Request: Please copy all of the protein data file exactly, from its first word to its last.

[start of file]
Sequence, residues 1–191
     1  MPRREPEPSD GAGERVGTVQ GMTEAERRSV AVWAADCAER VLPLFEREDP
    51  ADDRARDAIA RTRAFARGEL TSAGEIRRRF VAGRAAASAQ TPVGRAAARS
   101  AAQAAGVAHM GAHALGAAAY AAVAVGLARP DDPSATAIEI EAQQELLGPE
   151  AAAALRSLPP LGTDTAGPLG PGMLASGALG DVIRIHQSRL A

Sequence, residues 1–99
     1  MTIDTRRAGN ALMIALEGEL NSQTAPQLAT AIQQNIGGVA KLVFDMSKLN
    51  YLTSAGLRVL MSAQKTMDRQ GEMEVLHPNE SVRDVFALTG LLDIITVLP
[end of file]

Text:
Sequence, residues 1–191
     1  MPRREPEPSD GAGERVGTVQ GMTEAERRSV AVWAADCAER VLPLFEREDP
    51  ADDRARDAIA RTRAFARGEL TSAGEIRRRF VAGRAAASAQ TPVGRAAARS
   101  AAQAAGVAHM GAHALGAAAY AAVAVGLARP DDPSATAIEI EAQQELLGPE
   151  AAAALRSLPP LGTDTAGPLG PGMLASGALG DVIRIHQSRL A

Sequence, residues 1–99
     1  MTIDTRRAGN ALMIALEGEL NSQTAPQLAT AIQQNIGGVA KLVFDMSKLN
    51  YLTSAGLRVL MSAQKTMDRQ GEMEVLHPNE SVRDVFALTG LLDIITVLP